Around 7:30 p.m., near last light, the father and son spotted the boat’s owner in the water about 200 yards from the shore of North Point State Park in Baltimore County. The man said he had been in the water for roughly seven hours. He was exhausted but able to walk, and unharmed.

Capt. Nathan Lins of TowBoatUS Catalina in California halted a tow in progress to respond to an emergency call regarding a first-time sailor who, clad only in board shorts, went overboard while his boat and crew sailed on without him. Lins searched in the direction toward where the current was taking the victim but had a hard time locating him in the rough seas. As he was just about to pass the man, Lins spotted him and came in for the recovery.

In Newburyport, Mass., Capt. Sawyer Smith sprung into action on June 24 when a man fell off a marina dock and was swept away by a ripping tidal current. Observing the commotion and understanding the current runs at one to three knots and that the water temperature was in the 50s, Smith knew the man’s life was in danger so he grabbed a life ring, ran over to the next set of docks — down current of the flailing man — and dove in without hesitation. The victim had been pushed to the middle of the river, but Smith was able to swim to him and place the life ring around him. Due to the powerful current, Smith could not make the swim back, so a passing vessel went to their aid and both were safely returned to shore.

At the beginning of the year, Jan. 7 to be exact, Capt. William ‘Pat’ Davis of TowBoatUS in Stuart, Fla., rescued two 14-year-old boys who were swept away from the boat of one of the boy’s father while free diving in open choppy water. Davis found the teens about a mile away less than an hour later and brought them to safety.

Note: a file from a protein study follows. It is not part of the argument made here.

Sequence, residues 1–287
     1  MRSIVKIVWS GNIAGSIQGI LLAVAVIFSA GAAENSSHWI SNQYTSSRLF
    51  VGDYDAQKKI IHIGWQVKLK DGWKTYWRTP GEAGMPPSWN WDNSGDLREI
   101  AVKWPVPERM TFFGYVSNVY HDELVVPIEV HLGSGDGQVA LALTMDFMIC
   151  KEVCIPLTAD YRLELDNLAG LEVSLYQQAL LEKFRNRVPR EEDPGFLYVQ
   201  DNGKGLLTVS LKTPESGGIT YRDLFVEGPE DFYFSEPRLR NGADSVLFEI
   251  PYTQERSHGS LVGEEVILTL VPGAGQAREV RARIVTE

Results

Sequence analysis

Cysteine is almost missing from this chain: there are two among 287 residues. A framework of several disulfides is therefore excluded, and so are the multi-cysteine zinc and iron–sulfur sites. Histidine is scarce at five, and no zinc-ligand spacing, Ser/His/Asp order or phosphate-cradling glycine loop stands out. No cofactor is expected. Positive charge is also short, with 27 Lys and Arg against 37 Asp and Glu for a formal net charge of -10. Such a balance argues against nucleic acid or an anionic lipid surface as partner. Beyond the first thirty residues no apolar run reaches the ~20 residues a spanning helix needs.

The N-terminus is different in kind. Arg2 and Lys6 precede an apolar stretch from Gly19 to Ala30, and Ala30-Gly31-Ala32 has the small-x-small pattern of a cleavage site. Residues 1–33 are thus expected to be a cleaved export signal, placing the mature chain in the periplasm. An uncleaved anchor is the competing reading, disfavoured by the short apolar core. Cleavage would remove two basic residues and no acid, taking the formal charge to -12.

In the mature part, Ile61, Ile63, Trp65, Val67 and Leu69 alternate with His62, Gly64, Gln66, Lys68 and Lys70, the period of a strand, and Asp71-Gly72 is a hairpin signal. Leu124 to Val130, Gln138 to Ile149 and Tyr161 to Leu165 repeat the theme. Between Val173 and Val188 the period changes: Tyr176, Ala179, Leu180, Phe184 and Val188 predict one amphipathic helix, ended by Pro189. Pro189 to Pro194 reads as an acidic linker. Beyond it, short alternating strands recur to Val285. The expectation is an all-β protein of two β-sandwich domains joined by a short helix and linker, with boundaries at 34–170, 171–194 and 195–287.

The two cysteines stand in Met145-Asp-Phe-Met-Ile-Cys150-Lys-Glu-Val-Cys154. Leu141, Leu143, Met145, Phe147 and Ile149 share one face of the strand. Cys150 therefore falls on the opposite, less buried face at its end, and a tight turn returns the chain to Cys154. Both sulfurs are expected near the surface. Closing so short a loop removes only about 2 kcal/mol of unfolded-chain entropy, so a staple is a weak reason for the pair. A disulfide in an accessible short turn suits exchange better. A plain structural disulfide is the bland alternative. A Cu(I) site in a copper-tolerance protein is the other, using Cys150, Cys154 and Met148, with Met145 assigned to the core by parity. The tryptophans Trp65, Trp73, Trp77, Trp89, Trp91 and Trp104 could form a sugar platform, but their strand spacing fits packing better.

Finally, in Tarpon Springs, Fla., Capt. James Freeman received a call around 4 p.m. on September 22 from BoatUS National Dispatch that a man and wife on a 26-foot powerboat was taking on water and sinking approximately seven miles offshore. Roughly eight miles from the last known position of the boat, Freeman immediately put the hammer down and headed toward the distressed vessel in stiff two- to three-foot chop. He found the sunken boat with only its bow sticking above the surface but the two occupants were nowhere to be found. After searching for a half hour, Freeman located the distressed crew in their lifejackets about a mile from where he located the boat.

Kudos to Freeman and all of the boat-towing captains who were honored for their heroic efforts in 2017.

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Former Powerboat editor Jason Johnson was an integral part of the magazine staff from 2005 through 2011, utilizing journalistic integrity and experience in and around performance boats to report on all aspects of the go-fast lifestyle. The award-winning writer resides in Southern California and is the executive editor and co-publisher of speedonthewater.com.